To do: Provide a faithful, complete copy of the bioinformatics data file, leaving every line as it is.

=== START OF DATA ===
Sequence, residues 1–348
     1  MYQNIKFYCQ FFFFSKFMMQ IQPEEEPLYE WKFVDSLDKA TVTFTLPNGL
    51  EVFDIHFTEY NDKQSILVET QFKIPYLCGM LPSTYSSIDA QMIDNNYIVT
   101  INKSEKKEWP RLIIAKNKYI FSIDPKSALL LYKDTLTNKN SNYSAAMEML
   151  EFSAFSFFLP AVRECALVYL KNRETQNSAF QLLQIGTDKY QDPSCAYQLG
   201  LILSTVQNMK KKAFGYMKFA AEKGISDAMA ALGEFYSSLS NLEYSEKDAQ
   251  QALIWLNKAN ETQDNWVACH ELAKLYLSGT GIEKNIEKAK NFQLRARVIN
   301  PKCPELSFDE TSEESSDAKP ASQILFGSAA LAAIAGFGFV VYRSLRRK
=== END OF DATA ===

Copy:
Sequence, residues 1–348
     1  MYQNIKFYCQ FFFFSKFMMQ IQPEEEPLYE WKFVDSLDKA TVTFTLPNGL
    51  EVFDIHFTEY NDKQSILVET QFKIPYLCGM LPSTYSSIDA QMIDNNYIVT
   101  INKSEKKEWP RLIIAKNKYI FSIDPKSALL LYKDTLTNKN SNYSAAMEML
   151  EFSAFSFFLP AVRECALVYL KNRETQNSAF QLLQIGTDKY QDPSCAYQLG
   201  LILSTVQNMK KKAFGYMKFA AEKGISDAMA ALGEFYSSLS NLEYSEKDAQ
   251  QALIWLNKAN ETQDNWVACH ELAKLYLSGT GIEKNIEKAK NFQLRARVIN
   301  PKCPELSFDE TSEESSDAKP ASQILFGSAA LAAIAGFGFV VYRSLRRK